Wal-Mart has been ‘water boarded,’ and it must feel like the bureaucracy in California is just an endless form of torture. On November 11, 2007 Sprawl-Busters reported that Wal-Mart’s plan to build a supercenter in Suisun City had gone into a nosedive. The Solano County, California Airport Land Use Commission had ruled that a proposed Wal-Mart supercenter along the flight path of Travis Air Force Base would pose a safety threat to shoppers. By a 5-2 vote, the commission decided that the 230,000 s.f. Wal-Mart, with gas station, was “inconsistent” with the Travis AFB Land Use Compatibility Plan for “safety” reasons. Commission chair John Foster said the county’s assertion that the Wal-Mart project would be within the safety limits allowed by the air base plan was wrong, and said the “risk” to residents was too great to approve the project inside the air base’s “safety buffer zone.” But roughly three months later, on February 12, 2008, Wal-Mart got another chance to fly. In a unanimous decision, the Suisun, California City Council voted to overturn the Solano Airport Land Use Commission, and approve the Wal-Mart Supercenter. Because of concerns about Wal-Mart building stores, and then leaving them, the Council got Wal-Mart to agree to pay the city at least $300,000 to cover the costs of demolishing the building, although the city might find other uses for the structure. The demolition agreement says that if the store closes and goes dark for 36 months, Wal-Mart will demolish the building or give the city payment for demolishing it. “That agreement is designed to ease fears about future blight,” a city official noted. Opponents of the plan, the Suisun Alliance, told the media right after the City Council vote that they were considering litigation against the City Commission, and a recall effort against the five individual members of the Council, including the Mayor. On March 31, 2008, Sprawl-Busters reported that the Suisun Alliance had followed through on their intentions, and had filed a lawsuit against Suisun City, charging that the city violated the California Environmental Quality Act when approving a Wal-Mart Supercenter. The case was heard in Solano County Superior Court by Judge Paul Beeman. The suit claimed the city ignored the CEQA in environmental documents and failed to address, evaluate and mitigate several impacts on the site. While that court case was unfolding, another legal battle grew from a recall effort. According to the News Blaze, citizens from the Save Our Suisun Coalition who were collecting signatures on a recall petition were threatened with arrest by a shopping center owner. The group went to court to end such harassment. The law firm of Mark Merin of Sacramento argued that the community group had a constitutionally protected right of free speech to collect signatures for the recall of Suisun City Mayor Pete Sanchez, and city council members Jane Day and Michael Hudson. Attorney Merin said the citizens had the right to circulate recall petitions and literature. He said banning or restricting peaceful petitioning is “unconstitutionally restrictive.” On January 24, 2009, Sprawl-Busters wrote that the court had ruled in the superstore appeal that the Suisun City Council’s approval of the Wal-Mart project can stand. In a prepared press release after the court decision, city officials wrote: “Solano County Superior Court Judge Paul L. Beeman has issued a final ruling that the City of Suisun City fulfilled every legal obligation when the City Council considered and approved the Walters Road West Project, which is proposed to house a Wal-Mart Supercenter. ‘We are very pleased to have this litigation behind us, and look forward to this project’s moving forward,’ said City Manager Suzanne Bragdon. ‘We are very pleased that Judge Beeman’s review of this case supports the diligent work by our staff and consultants to comply with every state and local regulation, including 1,600 pages of analysis.” But this week the Suisun Wal-Mart got water boarded — literally. The State of California Water Resources Control Board says it has problems with the Wal-Mart plan. According to Save Our Suisun, the Water Control Board notified Wal-Mart and the city three times that their application was unacceptable and that Wal-Mart and the city both knew the land that was purchased by the store in 2006 was protected delta wetlands and was conditional. “The State Water Board read the same Environment Impact Report that we did and they also found the environment documents deficient and lacking in detail sufficient to protect the delta wetlands and its water quality,” SOS said in a press release. “They bought that property knowing the obstacles.” According to The Reporter newspaper, the Water Board says it is unclear how the Wal-Mart came up with the ideal size of the store and how it will meet the unmet needs of the area. “The ball is in Wal-Mart’s court,” a spokesman for Save Our Suisun said. In a letter dated March 12th, the State Water Board staff listed a litany of problems, and said the project won’t receive certification until a revised Analysis and Mitigation Plan proposal is submitted.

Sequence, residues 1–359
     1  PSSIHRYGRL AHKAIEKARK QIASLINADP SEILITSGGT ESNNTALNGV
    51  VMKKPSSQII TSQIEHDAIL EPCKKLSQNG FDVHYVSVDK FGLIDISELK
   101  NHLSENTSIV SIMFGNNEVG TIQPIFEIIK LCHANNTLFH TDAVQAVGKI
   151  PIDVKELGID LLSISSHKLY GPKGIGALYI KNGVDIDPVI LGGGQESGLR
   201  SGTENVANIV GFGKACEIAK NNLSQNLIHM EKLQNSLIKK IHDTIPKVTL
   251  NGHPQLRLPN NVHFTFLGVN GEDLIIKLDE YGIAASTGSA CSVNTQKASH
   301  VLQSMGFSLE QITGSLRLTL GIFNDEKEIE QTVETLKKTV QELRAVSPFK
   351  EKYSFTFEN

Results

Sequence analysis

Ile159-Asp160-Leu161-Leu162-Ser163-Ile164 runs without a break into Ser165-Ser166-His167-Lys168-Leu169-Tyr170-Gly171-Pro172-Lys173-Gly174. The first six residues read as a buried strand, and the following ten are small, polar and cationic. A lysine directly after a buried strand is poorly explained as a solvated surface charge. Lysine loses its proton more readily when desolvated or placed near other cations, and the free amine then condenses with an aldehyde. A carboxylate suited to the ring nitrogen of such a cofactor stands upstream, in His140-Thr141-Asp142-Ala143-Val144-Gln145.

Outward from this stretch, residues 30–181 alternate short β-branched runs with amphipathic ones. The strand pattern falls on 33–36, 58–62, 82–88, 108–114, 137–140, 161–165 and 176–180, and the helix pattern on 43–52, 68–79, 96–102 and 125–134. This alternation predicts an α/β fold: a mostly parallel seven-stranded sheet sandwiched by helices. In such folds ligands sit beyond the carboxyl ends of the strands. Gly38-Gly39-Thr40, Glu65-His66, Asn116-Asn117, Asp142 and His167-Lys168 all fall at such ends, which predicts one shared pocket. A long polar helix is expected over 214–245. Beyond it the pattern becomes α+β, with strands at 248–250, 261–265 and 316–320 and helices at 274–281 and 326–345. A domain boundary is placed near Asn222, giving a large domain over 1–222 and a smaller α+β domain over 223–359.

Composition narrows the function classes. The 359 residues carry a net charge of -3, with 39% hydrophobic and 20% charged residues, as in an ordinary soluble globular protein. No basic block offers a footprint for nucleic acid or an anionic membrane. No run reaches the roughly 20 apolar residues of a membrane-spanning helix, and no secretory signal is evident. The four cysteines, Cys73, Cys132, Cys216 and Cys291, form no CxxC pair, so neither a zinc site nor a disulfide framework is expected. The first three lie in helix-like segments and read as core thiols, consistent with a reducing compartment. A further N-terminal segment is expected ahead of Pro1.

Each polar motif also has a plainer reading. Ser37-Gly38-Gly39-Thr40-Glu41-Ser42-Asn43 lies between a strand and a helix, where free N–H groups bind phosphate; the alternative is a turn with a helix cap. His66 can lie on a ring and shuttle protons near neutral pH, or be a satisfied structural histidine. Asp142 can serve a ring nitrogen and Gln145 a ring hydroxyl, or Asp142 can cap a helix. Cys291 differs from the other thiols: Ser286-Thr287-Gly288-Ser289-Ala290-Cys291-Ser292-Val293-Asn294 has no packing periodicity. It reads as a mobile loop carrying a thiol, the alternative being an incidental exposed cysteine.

The Water Resources Control Board wants Wal-Mart to address why this superstore has to be 227,000 s.f. — or if the company needs this new store at all, given the fact that there are seven Wal-Marts within 20 miles of Suisun, including two within 5-6 miles. Wal-Mart has to demonstrate the Least Environmentally Damaging Practicable Alternative (LEDPA) because the current plan the retailer submitted did not appropriately consider off or on-site alternatives, or demonstrate that the proposed Project meets the LEDPA requirement, including store size, location restraints, parking, mitigation evaluations, and the practicability of the entire proposed project. Staff at the Water Board said the proposal lacks “effective pollution control measures.” The Board estimates that mitigation for the degradation to the environment, even if available, could cost Wal-Mart upwards of $175,000 per acre. The Water Board controversy comes after the delay caused by the SOS lawsuit, which threw Wal-Mart’s plans behind by a year. Save Our Suisun (SOS) says the city council members risked the public safety by approving the Wal-Mart SuperCenter near Travis Air Base over the objections of public safety experts, including the County Airport Land Use Commission, and CalTRANS. On their website, the group charges that Suisun City invested $192,000 worth of improvements into the Walters Road (now the Wal-Mart) property. The group says the Wal-Mart will generate 77,000 new cars and trucks/week on Route 12 from supercenter traffic. Millions in road improvements will be necessary to handle the new traffic — but there is no funding in place. “Suisun City Council has shown a willful disregard for the safety of Suisun’s eastern neighborhoods by voting to approve the Wal-Mart Super Center at Walters Road,” the group notes. The Wal-Mart project will also lead to a rise in demands on police and fire services – 24 hour store operations will have a major impact on police and fire services, yet the city claims these services will not be impacted. Declining property values also will be a problem. Homeowners within a 1 mile radius of the super center could see a 15 — 20% devaluation in the assessed property values of their homes due to traffic, flooding, and crime impacts from the super center project. Many Suisun homes have already fallen in value by $100,000 to $200,000 due to the current plummeting real estate market and recession. The Walters Road Super Center will seriously contribute to the problem of flooding in Lawler Ranch. Wal-Mart’s own study raised serious concerns about the ability of Lawler Ranch’s aging drainage system to handle the added storm water runoff from 21 acres of new pavement and the stream channel that runs through the property, which will be filled. SOS pointed out that the California’s State Water Board objected to the super center design, and it refused to approve the permit for the super center.”Suisun City Council has chosen to disregard the safety and fiscal problems that the Walters Road Super Center will create,” SOS says, “in an ill conceived grab for illusory sales tax revenue.” Readers are urged to send an email to the Chairman of the State Water Resources Control Board, Charlie Hoppin, at [email protected] with the following message: “Dear Chairman Hoppin, I was pleased to hear that the Water Resources Control Board is not going to let Wal-Mart walk on water in Suisun City. The superstore project that has been proposed in Suisun adds no value economically to the city or the region, because the area is already saturated with stores. A facility the size of four football fields — not counting the parking lot — is excessive in scale, and many of its adverse impacts come from its size. A much smaller facility would be the least environmentally damaging plan, and a reasonable alternative to the project as proposed. To Wal-Mart, your Board’s involvement may seem like ‘water-boarding’ torture — but the consequences of officials doing nothing to stand in the way of this enormous mistake, would be a worse form of punishment for the citizens of Suisun, who have been fighting this project since the start. I urge the Board to continue to treat Wal-Mart like any other applicant, and to deny any special deals that would compromise the environment and protected water resources.”